Another purpose for the inclusion of a treatment (usage) counter involves prescriptions that specify a particular number of drug applications. In this embodiment, the treatment counter is programmed by the pharmacist or doctor prior to delivery to the patient so that only a specific number of applications of medicament may occur. Furthermore, the treatment counter can maintain a record of the achieved number of times the device has been used. The device can then be presented as proof of use to the physician or insurance company for reimbursement purposes.

In an alternate embodiment and as shown in FIG. 3, the controller 4 may also include a device life timer 52 operatively coupled to the microprocessor. The device life timer preferably includes a clock and is designed to store the useful life time limit of the controller. For example, it may be determined that the controller battery and electronics have a specific life expectancy, based upon the preprogrammed power requirements and shelf life, to provide iontophoretic drug deliveries for approximately five years. The clock of the device life timer may be activated at the time of manufacture of the controller or at any other suitable time. When the device life timer determines that the preprogrammed amount of continuous time from manufacture has expired (i.e., five years), the device life time preferably provides an electronic control signal to the current regulator circuit 28 and/or microprocessor 24 effectively disabling the controller. At such time, the controller will be rendered unusable and may be discarded or returned to the manufacturer for refurbishment. The microprocessor may then send an electronic signal to the LED driver 48 to visually indicate to the user via LED 50 that the controller's predetermined useful life has expired and that the controller can no longer be used. The manufacturer can thus be assured that an out-of-date controller can be rendered unusable, and this safety technique may satisfy some of the product liability concerns of the manufacturer.

When using an iontophoretic drug delivery device having a reusable controller 4, it would also be advantageous to identify which patient has a particular controller. Such a design would be beneficial to recall or retrofit particular controllers. In this alternative embodiment, a unique serial number may be embedded in the controller during manufacture or at a specific time thereafter. Referring to FIG. 3, the controller 4 further includes a read only memory (ROM) coupled to the microprocessor 24 for storing the unique serial number. In the preferred embodiment, the ROM is an E2 PROM which may be programmed to permanently store the unique serial number. The unique serial number can be read through a serial communication port (not shown) by a health-care professional to determine the identification of the controller. The traceability of the reusable controller is significantly enhanced by the readable unique serial number. Accordingly, a doctor or outside agency will be able to check the controller serial number to ensure that the patient has received the correct controller and can advise the user of recall or retrofitting information.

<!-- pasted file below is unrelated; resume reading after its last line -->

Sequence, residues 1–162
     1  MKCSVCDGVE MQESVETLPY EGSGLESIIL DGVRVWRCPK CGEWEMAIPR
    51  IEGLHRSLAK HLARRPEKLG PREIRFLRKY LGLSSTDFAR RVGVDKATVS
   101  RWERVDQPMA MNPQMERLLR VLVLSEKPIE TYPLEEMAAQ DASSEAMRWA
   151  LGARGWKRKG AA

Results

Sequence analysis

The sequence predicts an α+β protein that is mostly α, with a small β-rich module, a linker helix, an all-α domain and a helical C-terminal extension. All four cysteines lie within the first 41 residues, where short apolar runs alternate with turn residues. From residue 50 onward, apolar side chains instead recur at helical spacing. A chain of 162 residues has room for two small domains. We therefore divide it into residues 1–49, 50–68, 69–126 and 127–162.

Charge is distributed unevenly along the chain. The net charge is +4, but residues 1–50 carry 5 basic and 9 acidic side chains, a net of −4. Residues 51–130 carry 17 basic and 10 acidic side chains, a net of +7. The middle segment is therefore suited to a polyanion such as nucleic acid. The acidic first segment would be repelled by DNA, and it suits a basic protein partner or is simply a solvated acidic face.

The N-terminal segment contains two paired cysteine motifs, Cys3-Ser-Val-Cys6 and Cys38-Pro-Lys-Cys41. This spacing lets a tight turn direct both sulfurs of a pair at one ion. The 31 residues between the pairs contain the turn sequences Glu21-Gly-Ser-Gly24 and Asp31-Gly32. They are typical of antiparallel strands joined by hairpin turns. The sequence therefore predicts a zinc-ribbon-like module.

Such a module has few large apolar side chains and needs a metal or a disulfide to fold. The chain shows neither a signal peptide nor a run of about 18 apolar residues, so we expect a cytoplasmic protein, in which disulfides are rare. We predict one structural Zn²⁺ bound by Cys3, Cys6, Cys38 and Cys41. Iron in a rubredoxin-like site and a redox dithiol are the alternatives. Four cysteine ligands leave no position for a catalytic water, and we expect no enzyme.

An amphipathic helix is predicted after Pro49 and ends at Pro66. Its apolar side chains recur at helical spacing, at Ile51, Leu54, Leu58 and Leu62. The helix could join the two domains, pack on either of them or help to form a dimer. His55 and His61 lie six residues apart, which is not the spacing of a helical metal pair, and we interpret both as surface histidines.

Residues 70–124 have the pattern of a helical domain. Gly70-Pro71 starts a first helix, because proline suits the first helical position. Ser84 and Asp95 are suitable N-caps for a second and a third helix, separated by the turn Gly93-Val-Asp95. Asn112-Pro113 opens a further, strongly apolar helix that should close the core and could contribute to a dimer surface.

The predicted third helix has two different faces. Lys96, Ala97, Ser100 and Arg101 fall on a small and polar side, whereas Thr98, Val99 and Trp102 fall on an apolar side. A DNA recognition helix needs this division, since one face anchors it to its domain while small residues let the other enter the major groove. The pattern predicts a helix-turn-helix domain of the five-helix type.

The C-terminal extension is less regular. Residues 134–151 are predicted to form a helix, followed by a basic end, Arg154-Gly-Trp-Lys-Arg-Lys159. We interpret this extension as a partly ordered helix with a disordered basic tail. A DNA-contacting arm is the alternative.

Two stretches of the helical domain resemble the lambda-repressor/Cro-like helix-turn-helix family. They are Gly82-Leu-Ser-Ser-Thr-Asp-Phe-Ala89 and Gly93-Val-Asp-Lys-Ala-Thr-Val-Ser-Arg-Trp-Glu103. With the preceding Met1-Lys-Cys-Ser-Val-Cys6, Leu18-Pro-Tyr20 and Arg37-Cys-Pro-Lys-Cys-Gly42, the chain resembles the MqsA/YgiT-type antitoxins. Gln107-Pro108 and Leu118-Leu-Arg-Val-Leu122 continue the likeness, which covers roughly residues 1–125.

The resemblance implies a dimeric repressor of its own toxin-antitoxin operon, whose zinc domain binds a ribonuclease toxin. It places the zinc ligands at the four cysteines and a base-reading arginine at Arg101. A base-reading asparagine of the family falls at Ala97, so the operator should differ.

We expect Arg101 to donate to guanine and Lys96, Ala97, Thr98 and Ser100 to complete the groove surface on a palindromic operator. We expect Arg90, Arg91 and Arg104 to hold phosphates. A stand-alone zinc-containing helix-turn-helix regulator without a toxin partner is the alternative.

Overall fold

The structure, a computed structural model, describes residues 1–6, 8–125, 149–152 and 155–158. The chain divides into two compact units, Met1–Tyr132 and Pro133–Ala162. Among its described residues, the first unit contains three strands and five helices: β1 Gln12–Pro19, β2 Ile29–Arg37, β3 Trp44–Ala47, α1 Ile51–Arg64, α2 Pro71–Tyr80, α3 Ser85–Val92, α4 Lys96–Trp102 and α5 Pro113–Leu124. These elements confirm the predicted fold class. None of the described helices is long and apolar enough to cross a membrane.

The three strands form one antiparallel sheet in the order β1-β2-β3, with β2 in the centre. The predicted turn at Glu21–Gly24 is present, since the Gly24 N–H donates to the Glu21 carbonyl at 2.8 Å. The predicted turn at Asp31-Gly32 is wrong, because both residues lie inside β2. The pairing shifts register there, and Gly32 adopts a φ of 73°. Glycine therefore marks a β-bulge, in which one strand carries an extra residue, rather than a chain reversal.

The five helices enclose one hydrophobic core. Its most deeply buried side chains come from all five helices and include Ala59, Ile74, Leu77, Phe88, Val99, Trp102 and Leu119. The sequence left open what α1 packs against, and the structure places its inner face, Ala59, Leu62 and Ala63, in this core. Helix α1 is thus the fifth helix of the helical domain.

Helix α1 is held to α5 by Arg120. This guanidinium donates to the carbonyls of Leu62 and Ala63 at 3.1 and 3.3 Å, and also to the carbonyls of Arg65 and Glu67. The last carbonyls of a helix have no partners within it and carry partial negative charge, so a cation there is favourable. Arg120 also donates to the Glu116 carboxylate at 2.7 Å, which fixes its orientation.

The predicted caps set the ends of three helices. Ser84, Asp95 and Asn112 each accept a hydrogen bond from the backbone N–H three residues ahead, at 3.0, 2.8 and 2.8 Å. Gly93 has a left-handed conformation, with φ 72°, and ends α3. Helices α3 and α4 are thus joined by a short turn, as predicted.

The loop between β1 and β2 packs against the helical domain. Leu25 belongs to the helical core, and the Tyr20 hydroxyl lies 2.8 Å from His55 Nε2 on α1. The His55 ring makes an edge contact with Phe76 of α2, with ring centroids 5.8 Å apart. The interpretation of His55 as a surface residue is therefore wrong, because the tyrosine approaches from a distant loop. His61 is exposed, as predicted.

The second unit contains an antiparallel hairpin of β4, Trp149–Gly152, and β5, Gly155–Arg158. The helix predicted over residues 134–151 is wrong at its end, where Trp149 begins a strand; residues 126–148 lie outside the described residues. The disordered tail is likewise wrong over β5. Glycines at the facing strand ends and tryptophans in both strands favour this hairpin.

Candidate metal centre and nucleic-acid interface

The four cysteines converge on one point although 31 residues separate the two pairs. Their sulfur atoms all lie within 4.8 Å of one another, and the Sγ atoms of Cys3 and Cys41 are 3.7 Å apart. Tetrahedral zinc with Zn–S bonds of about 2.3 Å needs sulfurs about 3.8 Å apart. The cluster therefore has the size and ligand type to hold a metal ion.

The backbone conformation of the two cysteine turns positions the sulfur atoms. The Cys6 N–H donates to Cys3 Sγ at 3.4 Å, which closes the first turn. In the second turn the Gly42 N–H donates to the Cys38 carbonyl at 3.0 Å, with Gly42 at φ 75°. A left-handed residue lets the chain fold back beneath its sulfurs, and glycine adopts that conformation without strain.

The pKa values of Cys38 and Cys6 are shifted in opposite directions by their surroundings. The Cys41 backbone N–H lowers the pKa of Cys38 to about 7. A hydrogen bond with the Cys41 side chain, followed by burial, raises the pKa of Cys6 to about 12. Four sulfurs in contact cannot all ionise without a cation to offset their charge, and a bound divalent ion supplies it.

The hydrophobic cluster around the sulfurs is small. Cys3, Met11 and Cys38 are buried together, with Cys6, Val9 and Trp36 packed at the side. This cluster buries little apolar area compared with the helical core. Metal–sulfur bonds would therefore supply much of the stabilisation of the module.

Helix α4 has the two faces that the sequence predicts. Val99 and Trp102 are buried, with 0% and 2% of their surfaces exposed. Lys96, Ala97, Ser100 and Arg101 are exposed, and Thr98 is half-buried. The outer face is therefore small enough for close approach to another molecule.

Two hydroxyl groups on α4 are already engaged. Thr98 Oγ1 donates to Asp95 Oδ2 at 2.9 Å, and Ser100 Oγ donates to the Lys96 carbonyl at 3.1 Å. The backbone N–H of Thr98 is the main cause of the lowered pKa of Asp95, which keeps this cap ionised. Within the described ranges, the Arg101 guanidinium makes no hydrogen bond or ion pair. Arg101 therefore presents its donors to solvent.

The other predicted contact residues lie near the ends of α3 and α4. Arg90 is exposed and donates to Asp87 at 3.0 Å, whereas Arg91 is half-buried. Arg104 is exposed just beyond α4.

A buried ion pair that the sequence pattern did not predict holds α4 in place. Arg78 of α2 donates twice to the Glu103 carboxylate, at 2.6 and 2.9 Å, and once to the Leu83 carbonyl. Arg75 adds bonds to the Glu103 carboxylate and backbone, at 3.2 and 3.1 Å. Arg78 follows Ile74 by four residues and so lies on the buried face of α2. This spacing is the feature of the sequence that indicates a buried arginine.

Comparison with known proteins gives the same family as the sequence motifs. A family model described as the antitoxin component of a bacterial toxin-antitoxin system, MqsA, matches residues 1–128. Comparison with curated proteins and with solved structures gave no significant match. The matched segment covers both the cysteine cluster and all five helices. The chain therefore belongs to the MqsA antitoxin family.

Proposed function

The iontophoretic drug delivery device of the present invention may also be specifically designed to ensure compatibility of the controller with the patch to which it is connected. Since different medicaments require different amounts of current for delivery, patch-controller compatibility is an important feature in order to avoid supplying an incorrect amount of energy to the patch which could possibly harm the patient or deliver an unprescribed amount of medicament. The controller may also be specifically programmed to deliver either an anionic or cationic drug. Thus, compatibility of the controller to the patch is very important. Accordingly, in the present invention, the controller, patch or both includes means for determining whether the controller is compatible with the patch. If it is determined that the patch and controller are incompatible, power is prevented from being supplied to the patch. In an alternative embodiment, after the controller identifies that it is coupled to a particular patch, the microprocessor may select an appropriate current delivery profile from a selection table or may calculate the proper delivery rate or profile based upon the patch identification. One system for ensuring compatibility of the controller with the patch is disclosed in my co-pending U.S. application Ser. No. 08/315,372 filed Sep. 30, 1995, pending, the disclosure of which is incorporated herein by reference in its entirety.